• xbcmc059 November 17, 2018 at 9:47 pm

    “The park is made up of loops for riders of all ages and skill levels, including skill-training areas with gravity jump trails, drop zones and pump tracks.” Sounds like the City could of saved 1.7 Million and just encouraged more street riding on the terrible roads in St. George. Riders could hone their skills dodging uneven pavement, patches of dirt, sand, gravel, ruts, rollovers, red light violations, and the ever so popular out of control vehicles due to “driver medical emergencies.”

    • tazzman November 18, 2018 at 2:59 pm

      xbcmc059: “Riders could hone their skills dodging uneven pavement, patches of dirt, sand, gravel, ruts, rollovers, red light violations, and the ever so popular out of control vehicles due to “driver medical emergencies.”

      We already have that and it is open 24/7 on every street in STG.

      • Comment November 18, 2018 at 5:35 pm

        That was xbcmc059’s point

  • Not_So_Much November 18, 2018 at 7:50 am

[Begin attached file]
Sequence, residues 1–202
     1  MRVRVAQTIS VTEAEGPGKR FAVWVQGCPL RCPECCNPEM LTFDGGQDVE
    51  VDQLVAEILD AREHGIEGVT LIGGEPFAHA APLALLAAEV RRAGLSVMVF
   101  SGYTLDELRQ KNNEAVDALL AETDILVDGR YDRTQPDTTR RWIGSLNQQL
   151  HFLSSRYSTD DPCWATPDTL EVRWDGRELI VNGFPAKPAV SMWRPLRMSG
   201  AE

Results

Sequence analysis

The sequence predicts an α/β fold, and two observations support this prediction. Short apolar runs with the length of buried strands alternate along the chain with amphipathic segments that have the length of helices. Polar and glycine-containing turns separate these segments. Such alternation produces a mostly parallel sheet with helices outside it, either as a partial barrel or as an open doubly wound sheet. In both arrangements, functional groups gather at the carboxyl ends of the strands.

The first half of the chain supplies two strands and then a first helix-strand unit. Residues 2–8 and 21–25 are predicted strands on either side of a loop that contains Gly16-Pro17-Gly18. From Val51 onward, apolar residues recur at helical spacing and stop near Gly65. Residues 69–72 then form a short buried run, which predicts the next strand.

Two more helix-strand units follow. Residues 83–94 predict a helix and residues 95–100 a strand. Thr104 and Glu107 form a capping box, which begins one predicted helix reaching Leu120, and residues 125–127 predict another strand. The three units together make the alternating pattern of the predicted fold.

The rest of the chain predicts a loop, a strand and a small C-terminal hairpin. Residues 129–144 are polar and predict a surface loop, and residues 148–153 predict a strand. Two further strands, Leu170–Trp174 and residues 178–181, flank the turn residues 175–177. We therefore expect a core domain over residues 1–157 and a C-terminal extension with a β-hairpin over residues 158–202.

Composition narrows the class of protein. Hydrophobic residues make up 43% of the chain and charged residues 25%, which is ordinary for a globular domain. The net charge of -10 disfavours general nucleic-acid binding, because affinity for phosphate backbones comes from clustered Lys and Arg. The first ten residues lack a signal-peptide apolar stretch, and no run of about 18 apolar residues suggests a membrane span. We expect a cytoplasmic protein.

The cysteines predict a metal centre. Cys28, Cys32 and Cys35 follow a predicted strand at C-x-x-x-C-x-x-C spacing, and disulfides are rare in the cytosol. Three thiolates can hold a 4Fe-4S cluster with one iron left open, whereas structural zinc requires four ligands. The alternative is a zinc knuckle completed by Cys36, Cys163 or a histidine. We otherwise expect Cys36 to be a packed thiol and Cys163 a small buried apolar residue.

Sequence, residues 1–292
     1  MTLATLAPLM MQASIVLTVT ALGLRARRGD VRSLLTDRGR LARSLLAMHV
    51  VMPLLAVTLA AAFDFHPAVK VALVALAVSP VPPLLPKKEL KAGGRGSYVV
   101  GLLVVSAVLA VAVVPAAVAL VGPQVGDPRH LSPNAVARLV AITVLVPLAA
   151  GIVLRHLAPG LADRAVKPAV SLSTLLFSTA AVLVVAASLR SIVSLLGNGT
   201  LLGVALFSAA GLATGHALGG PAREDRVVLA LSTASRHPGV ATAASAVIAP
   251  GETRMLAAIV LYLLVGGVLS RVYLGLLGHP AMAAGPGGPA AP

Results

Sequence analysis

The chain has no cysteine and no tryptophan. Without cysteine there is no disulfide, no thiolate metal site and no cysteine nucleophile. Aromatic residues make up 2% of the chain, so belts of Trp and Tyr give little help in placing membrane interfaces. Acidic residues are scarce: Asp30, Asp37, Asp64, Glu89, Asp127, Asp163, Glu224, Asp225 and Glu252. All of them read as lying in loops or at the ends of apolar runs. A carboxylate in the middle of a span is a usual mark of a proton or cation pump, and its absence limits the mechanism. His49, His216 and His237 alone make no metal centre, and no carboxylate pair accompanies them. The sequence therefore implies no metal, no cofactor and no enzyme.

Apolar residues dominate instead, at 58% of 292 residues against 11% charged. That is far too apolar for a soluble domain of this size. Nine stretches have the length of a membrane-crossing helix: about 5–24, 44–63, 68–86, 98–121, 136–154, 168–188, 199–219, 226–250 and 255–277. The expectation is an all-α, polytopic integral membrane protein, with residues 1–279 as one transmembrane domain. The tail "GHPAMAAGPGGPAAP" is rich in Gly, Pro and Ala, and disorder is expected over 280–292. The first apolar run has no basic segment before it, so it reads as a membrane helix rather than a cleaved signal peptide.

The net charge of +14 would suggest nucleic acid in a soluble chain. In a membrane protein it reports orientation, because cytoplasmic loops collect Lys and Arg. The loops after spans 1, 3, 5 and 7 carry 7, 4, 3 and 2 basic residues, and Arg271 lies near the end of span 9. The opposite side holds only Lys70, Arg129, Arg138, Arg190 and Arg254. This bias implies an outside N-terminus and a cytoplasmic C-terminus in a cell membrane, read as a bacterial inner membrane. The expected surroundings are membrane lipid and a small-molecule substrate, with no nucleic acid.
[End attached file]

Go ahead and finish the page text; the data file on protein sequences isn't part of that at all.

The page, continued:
The law that mandates hotel tax dollars be spent on projects that have questionable justification based on guidelines that leave a lot of wiggle room should be changed. Let’s have 50% used for needed infrastructure such as roads, sewers, public safety etc which used by all, 25% for schools (simply because there is no end to what they say they need) and then up to 25% for these wonderful quality of life projects. Next time you’re in contact with state senators and representatives be sure to mention the topic and see what they say.

  • Pa Triot November 18, 2018 at 8:00 am

    Yessiree…….the heck with these dangerous bike parks! Should have saved all that money for other things and let the kids stay home glued to their computers, laptops and smart phones. No sense in letting them have a venue where they can get outside, get some excercise and hone their athletic abilities. Nonsense. “Life Elevated” should apply to them as well as the rest of us. Bravo, St. George!

  • tazzman November 18, 2018 at 3:01 pm

    This park is money well spent. It locates the kids into one area where they can ride together and enjoy it away from public roads.